The death penalty, for example, is fraught with racial and economic disparities, whereby the poor, the friendless, the uneducated, racial minorities, and the despised are unable to get quality legal representation, thus resulting in them more likely to end up on death row versus a wealthy, privileged defendant who can afford top legal representation.

Fairness in capital cases requires, above all, competent counsel for the defendant. Yet approximately 90 percent of those on death row could not afford to hire a lawyer when they were tried.  Common characteristics of death-row defendants are poverty, the lack of firm social roots in the community, and inadequate legal representation at trial or on appeal. As Justice William O. Douglas noted in Furman, “One searches our chronicles in vain for the execution of any member of the affluent strata in this society“(408 US 238).

Case in point: OJ Simpson. If he did not have a stellar, and expensive, legal team defending him, he would, most likely have been convicted and ended up on death row. He got out of it – or, his legal team was able to wiggle him out of it, because, unlike underpaid and incompetent public defenders, Simpson’s legal team had the resources and expertise to defend their affluent client.

I will address the terrible injustices and immorality inherent in the death penalty at a later time. What I do want to address with this post is the fact that, overall, in our society, the wealthy are shielded from taking responsibility for various crimes they commit, while crimes, injustices and bigotry committed against and directed at the  poor, the friendless, the uneducated, racial minorities, and the despised often go unnoticed and unpunished and bigotry and racism only seem to matter insofar as they affect wealthy entities.

Case in point, Los Angeles Clippers owner Donald Sterling who has been outed as a rank racist whose racially incendiary remarks leaked to TMZ last weekend.

His remarks, which were recorded by his gold-digging piece  – who clearly set him up –  lead to a lifetime ban from the NBA and a fine of $2.5 million.  Several major Clippers sponsors had previously dropped or were re-evaluated their association with the team, including State Farm, CarMax, Kia Motors America, Virgin America and Red Bull (speak of the pot calling the kettle black), not to mention the athletes for the team and prominent members of the African American community, all of whom are wealthy.

People have been applauding the decision to ban Sterling and fine him, as a victory for the team and a lesson to be learned by racists, but what most people have been missing is that this is not the first time Sterling has been facing accusations of racial discrimination.

In 2006,  sports writer and pundit Bomani Jones wrote a column titled “Sterling’s racism should be news” following the Department of Justice suing Sterling for housing discrimination. Sterling allegedly refused to rent apartments he owned to African Americans, Latinos and people with children in the suit.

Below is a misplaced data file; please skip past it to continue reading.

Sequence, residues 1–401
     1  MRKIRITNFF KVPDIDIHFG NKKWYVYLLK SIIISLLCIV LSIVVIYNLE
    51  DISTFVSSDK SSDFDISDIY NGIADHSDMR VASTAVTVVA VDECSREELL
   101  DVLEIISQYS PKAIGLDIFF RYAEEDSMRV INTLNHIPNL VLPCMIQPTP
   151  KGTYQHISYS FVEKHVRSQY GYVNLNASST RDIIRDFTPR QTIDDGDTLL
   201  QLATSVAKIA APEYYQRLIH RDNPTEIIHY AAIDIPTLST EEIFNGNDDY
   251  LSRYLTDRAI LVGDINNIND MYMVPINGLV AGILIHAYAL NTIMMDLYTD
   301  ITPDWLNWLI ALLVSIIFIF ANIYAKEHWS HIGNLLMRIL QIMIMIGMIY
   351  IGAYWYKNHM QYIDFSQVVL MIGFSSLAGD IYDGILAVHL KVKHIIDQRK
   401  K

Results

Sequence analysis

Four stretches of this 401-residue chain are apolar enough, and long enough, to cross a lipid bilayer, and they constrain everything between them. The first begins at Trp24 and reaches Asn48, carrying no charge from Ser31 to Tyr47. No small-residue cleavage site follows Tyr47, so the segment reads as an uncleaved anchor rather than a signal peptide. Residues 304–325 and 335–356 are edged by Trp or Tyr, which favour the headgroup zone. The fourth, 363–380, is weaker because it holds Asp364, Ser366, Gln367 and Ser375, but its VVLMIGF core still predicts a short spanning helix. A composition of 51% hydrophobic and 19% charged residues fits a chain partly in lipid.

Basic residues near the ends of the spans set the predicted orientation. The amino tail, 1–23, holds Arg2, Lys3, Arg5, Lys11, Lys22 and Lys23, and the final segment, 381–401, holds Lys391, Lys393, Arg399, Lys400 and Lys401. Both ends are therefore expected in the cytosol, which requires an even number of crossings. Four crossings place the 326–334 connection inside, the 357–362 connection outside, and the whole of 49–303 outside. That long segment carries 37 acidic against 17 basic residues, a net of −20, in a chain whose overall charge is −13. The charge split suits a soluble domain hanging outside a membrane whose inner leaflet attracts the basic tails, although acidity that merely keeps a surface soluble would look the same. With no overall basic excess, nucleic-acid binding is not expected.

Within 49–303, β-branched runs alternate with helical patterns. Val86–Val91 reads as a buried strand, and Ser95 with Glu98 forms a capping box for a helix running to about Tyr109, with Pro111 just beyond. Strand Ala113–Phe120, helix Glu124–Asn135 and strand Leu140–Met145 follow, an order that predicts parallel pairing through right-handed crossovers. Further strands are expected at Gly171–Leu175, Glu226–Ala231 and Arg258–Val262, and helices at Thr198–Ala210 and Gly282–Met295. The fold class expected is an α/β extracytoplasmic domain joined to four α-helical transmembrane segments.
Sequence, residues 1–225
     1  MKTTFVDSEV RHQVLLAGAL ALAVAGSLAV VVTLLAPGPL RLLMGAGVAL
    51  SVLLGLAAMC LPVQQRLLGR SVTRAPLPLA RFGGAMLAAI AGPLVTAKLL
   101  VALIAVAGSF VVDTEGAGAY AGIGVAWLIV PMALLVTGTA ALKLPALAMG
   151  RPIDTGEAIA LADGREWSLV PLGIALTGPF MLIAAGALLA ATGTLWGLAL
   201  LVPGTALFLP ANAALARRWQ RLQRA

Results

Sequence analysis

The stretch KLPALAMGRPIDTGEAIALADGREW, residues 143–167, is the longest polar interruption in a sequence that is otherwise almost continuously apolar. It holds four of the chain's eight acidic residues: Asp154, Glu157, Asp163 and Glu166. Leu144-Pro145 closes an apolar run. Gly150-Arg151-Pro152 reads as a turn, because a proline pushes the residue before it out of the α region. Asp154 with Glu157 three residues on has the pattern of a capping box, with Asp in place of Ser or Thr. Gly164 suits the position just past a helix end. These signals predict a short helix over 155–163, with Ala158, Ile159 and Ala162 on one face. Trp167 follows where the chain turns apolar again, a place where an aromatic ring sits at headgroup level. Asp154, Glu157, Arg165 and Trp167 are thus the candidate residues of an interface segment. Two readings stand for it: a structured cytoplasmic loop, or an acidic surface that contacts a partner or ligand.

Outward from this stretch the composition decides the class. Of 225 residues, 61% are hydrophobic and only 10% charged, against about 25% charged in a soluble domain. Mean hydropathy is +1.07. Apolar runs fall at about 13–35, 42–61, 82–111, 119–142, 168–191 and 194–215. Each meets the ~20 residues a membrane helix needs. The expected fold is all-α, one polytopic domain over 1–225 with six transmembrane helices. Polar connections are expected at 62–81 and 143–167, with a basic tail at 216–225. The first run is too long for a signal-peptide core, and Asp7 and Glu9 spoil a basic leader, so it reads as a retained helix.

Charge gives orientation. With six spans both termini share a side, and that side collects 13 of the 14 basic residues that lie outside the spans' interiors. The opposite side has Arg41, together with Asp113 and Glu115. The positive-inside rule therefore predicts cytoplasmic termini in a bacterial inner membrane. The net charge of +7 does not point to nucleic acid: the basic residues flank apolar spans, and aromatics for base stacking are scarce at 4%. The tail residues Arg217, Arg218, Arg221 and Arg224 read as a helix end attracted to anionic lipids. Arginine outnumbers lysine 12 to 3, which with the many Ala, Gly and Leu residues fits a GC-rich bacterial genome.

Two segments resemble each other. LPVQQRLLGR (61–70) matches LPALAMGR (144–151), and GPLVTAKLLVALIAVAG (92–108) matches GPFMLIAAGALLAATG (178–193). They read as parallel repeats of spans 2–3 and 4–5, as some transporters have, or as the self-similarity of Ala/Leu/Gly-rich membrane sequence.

The charges made against Sterling were stomach-turning. In response to the 2003 suit, one of his property supervisors testified that Sterling said all blacks “smell” and are “not clean,” that he wanted to “get them out” of his properties to preserve his image, and that he harassed tenants and refused to make repairs until they were forced to leave, according to depositions obtained by ESPN The Magazine.

It is interesting that while gross and blatant housing discrimination is Sterling’s biggest offense, it took insulting and alienating a few wealthy athletes in and sponsors during a private conversation to finally do something about this scum.

As alarming as the claims against Sterling are, housing discrimination as a practice is alive and well in America, yet goes largely unnoticed.

For individuals and families, it limits their housing choices, it dictates where you can and cannot live, and that means limited access to other opportunities: educational opportunities, employment opportunities, health care services, other amenities,” Fred Freiberg, director of the nonprofit Fair Housing Justice Center, told the HuffPost. “It sustains and enforces patterns of racial segregation and poverty concentration, and it creates a whole host of inequalities that we could, frankly, do without.”

All that stuff that’s happening in housing discrimination, which is the biggest reason that we can point to historically for why we’ve got all these dead kids in metros like Chicago and New York fighting for turf, fighting for real estate with poor accommodations and facilities and everything that you’re supposed to have in a city  – all these are an economic byproduct of the people like Donald Sterling. Yet, no one paid attention to that.  No swift action was taken against Sterling by the Clippers who are outraged now.